Image 1: 2019 novel coronavirus (COVID-19) (8)
We all are aware of the nefarious villain that has become the main antagonist of humanity: COVID-19 (also known as SARS-CoV-2). Taking the world by storm with its infamous reputation, this virus has propagated and mutated in rates never seen before, thus being the perfect agent to create a pandemic. In 2009, we were able to experience a fraction of what would be our current situation through the H1N1 (Swine Flu) Pandemic (1). This virus has created a full-blown contagion that keeps scientists wondering: How?
If you’re a teenager, you’ve probably played a game called Plague Inc., in which the goal is to create a pandemic using an infectious agent of your choice. The key to this game is to mutate it to create a balance between infectivity, severity, and resistance. Following that step, you have the perfect recipe to develop a pandemic, and surprisingly, this happened in real life with a virus.
You may be asking yourself: What does this have to do with the title or COVID-19? The answer is simple: COVID-19, though being bad news with over 188 million cases and over 4 million deaths (2), at the same time, shone the light upon a lack of effective, universal vaccines for many viruses. According to the National Institute of Allergy and Infectious Diseases (NIAID), universal vaccines are defined as one “that provides robust, long-lasting protection against multiple subtypes of the virus, rather than a select few.” (3) The numbers are steadily increasing and now more than ever we need to develop vaccines that are able to cover all or the great majority of current and future strains.
Image 2: Johns Hopkins University’s COVID-19 Tracking Map on July 15th (2)
A recent example is the Delta variant of COVID-19. This strain was first identified in India in December 2020 (4). Since then, the Delta variant has been dominant in countries like the United States, comprising more than 50% of their cases (5). It’s catalogued as a “variant of concern” since it has a mutation on its spike proteins that makes people more contagious. Adding on to that, there’s a subvariant from the Delta strain known as the Delta Plus variant, which “has a mutation that allows the virus to better attack lung cells and potentially escape vaccines.” (4)
Image 3: Map of Delta variant prevalence in the U.S. (9)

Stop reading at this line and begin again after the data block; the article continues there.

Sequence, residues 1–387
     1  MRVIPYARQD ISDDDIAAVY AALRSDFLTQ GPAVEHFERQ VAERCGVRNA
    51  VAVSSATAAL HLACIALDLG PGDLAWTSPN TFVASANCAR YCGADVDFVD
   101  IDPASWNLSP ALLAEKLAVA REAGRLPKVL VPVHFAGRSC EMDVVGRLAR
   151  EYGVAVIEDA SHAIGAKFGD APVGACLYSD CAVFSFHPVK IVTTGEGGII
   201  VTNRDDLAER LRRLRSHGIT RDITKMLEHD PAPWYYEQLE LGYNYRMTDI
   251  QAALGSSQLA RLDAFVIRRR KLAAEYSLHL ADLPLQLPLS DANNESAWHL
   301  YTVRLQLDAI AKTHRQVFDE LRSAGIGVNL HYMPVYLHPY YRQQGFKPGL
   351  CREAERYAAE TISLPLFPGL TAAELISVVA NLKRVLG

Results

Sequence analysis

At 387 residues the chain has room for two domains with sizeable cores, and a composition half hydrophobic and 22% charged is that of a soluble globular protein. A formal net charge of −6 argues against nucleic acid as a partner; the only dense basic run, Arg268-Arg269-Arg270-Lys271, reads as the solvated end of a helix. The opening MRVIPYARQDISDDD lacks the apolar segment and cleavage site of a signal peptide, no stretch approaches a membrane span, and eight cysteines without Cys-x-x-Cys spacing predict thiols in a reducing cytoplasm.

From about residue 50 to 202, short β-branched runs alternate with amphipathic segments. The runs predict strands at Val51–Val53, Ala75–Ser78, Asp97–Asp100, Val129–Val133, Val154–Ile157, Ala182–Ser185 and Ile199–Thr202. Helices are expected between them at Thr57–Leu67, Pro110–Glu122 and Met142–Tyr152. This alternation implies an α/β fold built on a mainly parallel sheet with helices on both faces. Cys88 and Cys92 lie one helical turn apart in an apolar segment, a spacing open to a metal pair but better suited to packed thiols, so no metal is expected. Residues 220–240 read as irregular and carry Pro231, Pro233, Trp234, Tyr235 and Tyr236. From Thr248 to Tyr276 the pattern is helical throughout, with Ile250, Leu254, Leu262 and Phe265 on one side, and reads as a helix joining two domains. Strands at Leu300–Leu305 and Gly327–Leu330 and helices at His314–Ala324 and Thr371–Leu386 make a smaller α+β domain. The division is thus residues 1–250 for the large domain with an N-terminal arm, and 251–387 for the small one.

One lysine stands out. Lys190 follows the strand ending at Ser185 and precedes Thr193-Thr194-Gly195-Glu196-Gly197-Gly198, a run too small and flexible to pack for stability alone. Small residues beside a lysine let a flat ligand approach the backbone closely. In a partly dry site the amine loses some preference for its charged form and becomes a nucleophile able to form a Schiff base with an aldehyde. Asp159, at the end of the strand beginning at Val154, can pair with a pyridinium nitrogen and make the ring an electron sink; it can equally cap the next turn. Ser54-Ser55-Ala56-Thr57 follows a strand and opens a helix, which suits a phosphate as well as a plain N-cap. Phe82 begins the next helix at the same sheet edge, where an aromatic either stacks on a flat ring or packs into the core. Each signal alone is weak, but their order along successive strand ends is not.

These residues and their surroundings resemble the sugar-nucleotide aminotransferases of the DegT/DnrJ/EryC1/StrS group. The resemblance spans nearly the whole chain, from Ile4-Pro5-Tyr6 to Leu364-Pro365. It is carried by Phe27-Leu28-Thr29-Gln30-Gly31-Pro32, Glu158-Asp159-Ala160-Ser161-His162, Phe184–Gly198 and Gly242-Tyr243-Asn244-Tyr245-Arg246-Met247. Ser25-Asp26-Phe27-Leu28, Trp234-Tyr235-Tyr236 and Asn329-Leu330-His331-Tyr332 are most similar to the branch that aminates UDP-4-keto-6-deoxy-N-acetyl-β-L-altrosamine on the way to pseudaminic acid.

When a virus mutates, there’s a possibility that a more severe and novel strain develops, such as the most recent case mentioned with COVID-19. The issue commonly found with current vaccines that attack this class of infectious agents is the lack of protection against many of their variants. For example, the best influenza vaccine found on the market is known as being quadrivalent. The quadrivalent influenza vaccine (11) protects against 4 strains of the virus: 2 subtypes of influenza A and 2 subtypes of influenza B. It only fends off 4 variants out of the more than 144 that exist (12). This problem that causes a certain level of ineffectiveness is starting to be seen in the new COVID-19 vaccines, having now a variant present that may not be covered by them.
It can be concluded that the danger of variants like the Delta is a reality, and our most promising solution to attack this threat is to develop universal vaccines. Currently, research is being done to create a pan-coronavirus vaccine (6) and recently, the National Institutes of Health (NIH) launched clinical trials of a universal influenza vaccine candidate (7). Several techniques for the flu vaccine are being evaluated, including the usage of a protein called ferritin which can self-assemble into nano-particles and elicit antibodies (3). Similarly, the universal vaccine for COVID-19 uses specific parts of its spike to attach to the ferritin. According to the investigation’s leader Dr. Kayvon Modjarrad, their animal studies have shown that the immune response that their vaccine induces is active against all the variants, as well as other coronaviruses like SARS-CoV-1. (6)